Google’s acquisition of Nest, a company known for its networked thermostats, shines a bright light on the potential of connected devices in the home and will likely catalyze new discussions about the appropriate use of personal data.
The Web search giant announced January 13 that it would spend $3.2 billion to gain control of Nest, which makes a sleek thermostat and smoke detector that connect to home networks and can be remotely controlled over the Internet.
Founded by former Apple engineers, Nest is planning to make more smart home products, using its expertise in consumer electronics design, software, and machine learning.
The move gives Google entry into the home with a line of well-received hardware products and validates the notion that the Internet of Things will be a source of innovation and growth in the technology industry in the future.
Google’s sudden entry into smart home technology also underscores the importance of data and analytics. As the company that seeks to organize the world’s information, Google has emphatically expanded the types of Internet-connected devices it surveys beyond computers and smart phones to cars, robots and eyeglasses. With Nest, Google now has new types of devices through which it can offer the data-driven services it’s known for.
“It’s a Catch-22 problem. The way the Internet of Things is going to be appealing is when it becomes seamless and completely integrated into all the other data sources that you have,” says Sara M. Watson, a fellow at the Berkman Center for Internet and Society at Harvard University, who studies how technology is blurring the lines between the physical and virtual. “The problem with all this technology is that we’re adding all this functionality but that requires a lot of trust in those companies that handle that data.”
Smart Home Potential
Google hasn’t said what it intends to do with Nest, but Nest has already shown that it intends to enhance its current products with data-related services.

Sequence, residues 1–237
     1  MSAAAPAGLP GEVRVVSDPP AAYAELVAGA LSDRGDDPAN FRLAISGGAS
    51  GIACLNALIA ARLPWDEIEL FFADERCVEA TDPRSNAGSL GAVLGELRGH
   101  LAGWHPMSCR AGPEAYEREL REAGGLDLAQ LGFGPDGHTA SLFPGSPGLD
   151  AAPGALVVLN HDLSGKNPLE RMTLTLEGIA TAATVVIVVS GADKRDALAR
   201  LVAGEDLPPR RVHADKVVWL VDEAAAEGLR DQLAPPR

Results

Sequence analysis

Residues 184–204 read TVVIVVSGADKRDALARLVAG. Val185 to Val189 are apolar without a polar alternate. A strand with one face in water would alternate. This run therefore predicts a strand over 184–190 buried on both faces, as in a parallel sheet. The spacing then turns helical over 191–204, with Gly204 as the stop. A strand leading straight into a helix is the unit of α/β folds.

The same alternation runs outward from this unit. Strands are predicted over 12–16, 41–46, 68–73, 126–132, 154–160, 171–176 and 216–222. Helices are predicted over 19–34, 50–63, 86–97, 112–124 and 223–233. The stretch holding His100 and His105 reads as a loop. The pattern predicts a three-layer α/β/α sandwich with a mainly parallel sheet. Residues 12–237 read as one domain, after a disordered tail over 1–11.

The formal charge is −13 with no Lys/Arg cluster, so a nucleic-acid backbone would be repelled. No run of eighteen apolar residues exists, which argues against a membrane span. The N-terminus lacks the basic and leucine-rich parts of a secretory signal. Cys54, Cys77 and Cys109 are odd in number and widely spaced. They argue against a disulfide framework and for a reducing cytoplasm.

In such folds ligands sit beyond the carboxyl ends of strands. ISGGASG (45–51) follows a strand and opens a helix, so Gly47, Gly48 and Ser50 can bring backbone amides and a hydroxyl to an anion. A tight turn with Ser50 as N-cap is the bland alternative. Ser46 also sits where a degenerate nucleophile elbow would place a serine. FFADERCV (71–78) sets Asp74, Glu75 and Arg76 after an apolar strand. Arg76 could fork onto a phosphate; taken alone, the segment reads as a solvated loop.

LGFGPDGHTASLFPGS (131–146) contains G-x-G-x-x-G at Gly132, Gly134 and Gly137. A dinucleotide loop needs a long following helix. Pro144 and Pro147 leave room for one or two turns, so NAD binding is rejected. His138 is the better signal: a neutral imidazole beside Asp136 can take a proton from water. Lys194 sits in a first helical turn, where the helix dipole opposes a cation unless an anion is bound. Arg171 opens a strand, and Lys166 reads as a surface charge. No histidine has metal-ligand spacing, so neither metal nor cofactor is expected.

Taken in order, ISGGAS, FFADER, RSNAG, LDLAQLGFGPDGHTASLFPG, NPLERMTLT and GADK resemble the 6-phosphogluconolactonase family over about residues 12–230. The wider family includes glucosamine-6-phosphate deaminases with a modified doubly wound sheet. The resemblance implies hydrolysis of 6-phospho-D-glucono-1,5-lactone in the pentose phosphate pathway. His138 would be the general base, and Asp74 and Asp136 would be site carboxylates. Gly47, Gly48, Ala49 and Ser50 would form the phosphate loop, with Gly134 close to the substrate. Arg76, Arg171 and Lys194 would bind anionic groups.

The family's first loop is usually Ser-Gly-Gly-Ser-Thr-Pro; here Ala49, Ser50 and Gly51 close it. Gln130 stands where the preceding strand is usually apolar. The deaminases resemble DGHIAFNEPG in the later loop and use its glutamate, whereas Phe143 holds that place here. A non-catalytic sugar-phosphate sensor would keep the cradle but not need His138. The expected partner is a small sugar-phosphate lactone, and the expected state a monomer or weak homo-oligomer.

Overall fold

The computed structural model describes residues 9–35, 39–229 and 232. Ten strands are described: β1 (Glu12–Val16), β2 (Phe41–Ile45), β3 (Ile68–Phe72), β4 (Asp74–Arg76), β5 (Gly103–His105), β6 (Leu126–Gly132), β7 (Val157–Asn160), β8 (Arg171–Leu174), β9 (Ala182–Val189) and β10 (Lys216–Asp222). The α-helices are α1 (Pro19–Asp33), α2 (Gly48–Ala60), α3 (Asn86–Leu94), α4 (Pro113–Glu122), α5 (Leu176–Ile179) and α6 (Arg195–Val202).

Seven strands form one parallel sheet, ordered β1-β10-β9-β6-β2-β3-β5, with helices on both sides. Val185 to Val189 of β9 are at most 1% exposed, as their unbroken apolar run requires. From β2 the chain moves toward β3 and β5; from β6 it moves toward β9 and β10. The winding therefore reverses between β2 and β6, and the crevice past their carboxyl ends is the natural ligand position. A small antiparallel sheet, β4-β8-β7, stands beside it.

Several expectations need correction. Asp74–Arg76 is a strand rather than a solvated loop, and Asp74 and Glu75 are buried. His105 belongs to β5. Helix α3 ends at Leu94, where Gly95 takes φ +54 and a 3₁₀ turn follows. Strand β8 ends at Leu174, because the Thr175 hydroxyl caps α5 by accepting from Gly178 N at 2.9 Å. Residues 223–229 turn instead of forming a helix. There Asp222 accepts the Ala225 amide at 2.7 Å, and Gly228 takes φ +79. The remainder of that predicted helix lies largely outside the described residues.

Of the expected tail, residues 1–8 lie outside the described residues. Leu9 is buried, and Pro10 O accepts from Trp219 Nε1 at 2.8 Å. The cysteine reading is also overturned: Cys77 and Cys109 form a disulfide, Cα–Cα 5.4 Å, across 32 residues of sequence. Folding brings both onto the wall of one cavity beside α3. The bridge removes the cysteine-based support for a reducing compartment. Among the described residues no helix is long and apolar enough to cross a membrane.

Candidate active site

Last year, the company introduced Nest Energy Services, which allows consumers to sign up for utilities’ demand response programs to lower electricity use during peak times by raising thermostat settings, particularly very hot days in the summer when power generators struggle to meet demand. The Nest app allows people to opt into these programs in a more user-friendly way than most current utility demand response programs, which typically rely on one-way thermostats or air conditioner controllers.
Behind the scenes, Nest analyzes home energy trends and takes steps to minimize discomfort caused by raising the temperature setting, such as pre-cooling the house or selectively controlling the fan and air conditioner compressor. It can also report the percentage of people who participate in these programs back to utilities, which have struggled to sign on more participants in the past.
For Google, this is another go at providing energy-related services. In 2009, Google introduced Power Meter, an application that collected data from smart meters to show consumers how much electricity they used over time and how usage compared to other periods. The product was scrapped two years later because it had limited uptake. Nest showed that cloud-based analytics can make a huge difference in how effective online tools can be.
“Looking at energy usage today versus yesterday (as PowerMeter did) does not help me make decisions because it doesn’t tell me what to do to save energy. Now Google has the missing piece—the thermostat,” says Daniel Obodoski, co-author of “The Silent Intelligence,” a book about the Internet of Things. “Google can provide much more rich information to consumers, which is what Nest started.”